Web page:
You will need to feather your selection in order to avoid any abrupt boundaries in the image after future adjustments. Rather than simply guessing about what value to put in the Select > Feather dialogue box, I would suggest switching to Quick Mask mode. You do this by clicking on the icon in the Toolbox area (it's the box with a circle inside of it, below the foreground/background color selector). This will change the masked region to a translucent red hue. Now go to Filter > Blur > Gaussian Blur and adjust the Radius until it smoothly covers the core region (see screen below). Click OK.

You will now need to switch back to Standard Mode (the box just to the left of the Quick Mask button). If you wish, you can hide the selection lines by clicking on View > Extras. After making another adjustment with Curves, remember to deselect your selection.

After deselecting, do another application of Curves. Depending on the image you are working on, it may be helpful to make a number of iterations of this process: isolate the core, use Curves, deselect, use Curves. After doing so, you may notice that the background has become quite light. To adjust this, we will use - you guessed it - Curves.

Rather than changing the shape of the Curves line, we will keep it linear but change its slope. Click on the point in the extreme lower left corner and drag it to the right until far left region of the histogram reaches the y-axis (see below). One great feature of Photoshop CS is that it allow you to view the histogram of an image as you are working on it. This makes an adjustment like this very easy. With earlier versions of Photoshop, you will need to view the histogram after making your adjustment. In any case, it is exrtremely important to not clip the histogram (i.e., cut off its tail). This will cause us to lose valuable information in the shadows (a common mistake with many processed images).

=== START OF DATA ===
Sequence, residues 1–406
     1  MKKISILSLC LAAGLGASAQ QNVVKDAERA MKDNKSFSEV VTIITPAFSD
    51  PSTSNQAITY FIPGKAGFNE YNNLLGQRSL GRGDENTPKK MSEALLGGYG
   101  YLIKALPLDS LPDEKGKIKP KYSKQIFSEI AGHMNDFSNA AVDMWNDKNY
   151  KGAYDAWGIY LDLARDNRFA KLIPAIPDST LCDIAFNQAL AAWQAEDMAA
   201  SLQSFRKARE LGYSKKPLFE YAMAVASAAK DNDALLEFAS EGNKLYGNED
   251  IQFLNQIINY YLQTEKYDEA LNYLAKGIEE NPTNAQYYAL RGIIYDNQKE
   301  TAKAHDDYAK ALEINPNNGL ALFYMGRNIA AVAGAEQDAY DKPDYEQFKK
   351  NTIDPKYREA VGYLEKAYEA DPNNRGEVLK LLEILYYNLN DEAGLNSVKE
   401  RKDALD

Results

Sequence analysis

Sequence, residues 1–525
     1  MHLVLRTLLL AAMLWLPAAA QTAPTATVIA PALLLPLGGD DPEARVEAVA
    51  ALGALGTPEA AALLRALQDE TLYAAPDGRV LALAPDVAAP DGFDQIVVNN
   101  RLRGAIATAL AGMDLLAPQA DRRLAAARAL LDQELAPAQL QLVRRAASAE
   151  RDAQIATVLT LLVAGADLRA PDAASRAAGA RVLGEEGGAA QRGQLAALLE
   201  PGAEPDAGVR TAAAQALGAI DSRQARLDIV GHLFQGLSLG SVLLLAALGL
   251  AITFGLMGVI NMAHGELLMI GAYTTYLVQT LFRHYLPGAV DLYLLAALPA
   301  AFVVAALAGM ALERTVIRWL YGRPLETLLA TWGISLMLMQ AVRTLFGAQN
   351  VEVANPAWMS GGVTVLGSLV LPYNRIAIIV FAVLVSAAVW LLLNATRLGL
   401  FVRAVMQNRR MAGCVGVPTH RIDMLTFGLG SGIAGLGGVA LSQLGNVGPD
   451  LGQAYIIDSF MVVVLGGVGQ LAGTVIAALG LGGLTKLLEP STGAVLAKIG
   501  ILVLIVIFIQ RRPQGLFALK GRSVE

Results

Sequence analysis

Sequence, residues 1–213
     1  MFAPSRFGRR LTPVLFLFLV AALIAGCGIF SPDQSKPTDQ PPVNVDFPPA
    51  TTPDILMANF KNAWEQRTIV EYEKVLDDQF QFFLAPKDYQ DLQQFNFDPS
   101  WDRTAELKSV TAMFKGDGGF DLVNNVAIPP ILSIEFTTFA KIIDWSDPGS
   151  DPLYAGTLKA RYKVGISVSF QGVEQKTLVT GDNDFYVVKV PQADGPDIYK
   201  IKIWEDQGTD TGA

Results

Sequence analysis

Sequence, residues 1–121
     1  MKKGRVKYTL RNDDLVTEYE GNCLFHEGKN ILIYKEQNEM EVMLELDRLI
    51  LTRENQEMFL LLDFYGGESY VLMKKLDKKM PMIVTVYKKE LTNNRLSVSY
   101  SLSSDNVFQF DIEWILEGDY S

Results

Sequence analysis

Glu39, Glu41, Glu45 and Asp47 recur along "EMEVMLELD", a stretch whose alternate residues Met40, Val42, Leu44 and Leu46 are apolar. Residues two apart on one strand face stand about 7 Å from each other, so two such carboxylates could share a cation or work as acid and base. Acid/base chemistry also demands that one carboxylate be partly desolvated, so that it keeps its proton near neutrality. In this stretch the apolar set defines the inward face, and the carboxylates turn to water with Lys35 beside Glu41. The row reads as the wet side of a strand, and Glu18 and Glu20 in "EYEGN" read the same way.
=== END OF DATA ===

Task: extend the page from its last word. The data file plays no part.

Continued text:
Now we are almost finished. We will just need some fne tuning of the image. Here's where you can get more creative with Curves. Rather than simply raising one point on the line, you can add a number of anchor points: one for the background area and another for the highlights. Dragging the background point down will darken the background without any risk of clipping the histogram. Creating a variation of an S-shaped essentially increased the contrast of the image (see below).

Whether working with one anchor point or several, it is sometimes a good idea to add another anchor point to the Curves line just above another point. Your goal is to make the upper portioin of that line more linear. This preserves more of the detail in the brighter portions of the image. Such an adjustment can be seen below in the final Curves adjustment.

Before saving your image, you may need/want to make some additional adjustments (like another application of Curves). In this particular case, the color needed to be better balanced. Using Color Balance easily remedied this problem as can be seen in the histogram below.

Of course, there are many other final adjustments that you can make on your image, including noise reduction. There are also other ways to preserve detail in the bright core of images such as the Orion nebula. This involves taking separate exposures of differing lengths and combining them via a layer mask. But that would be another tutorial.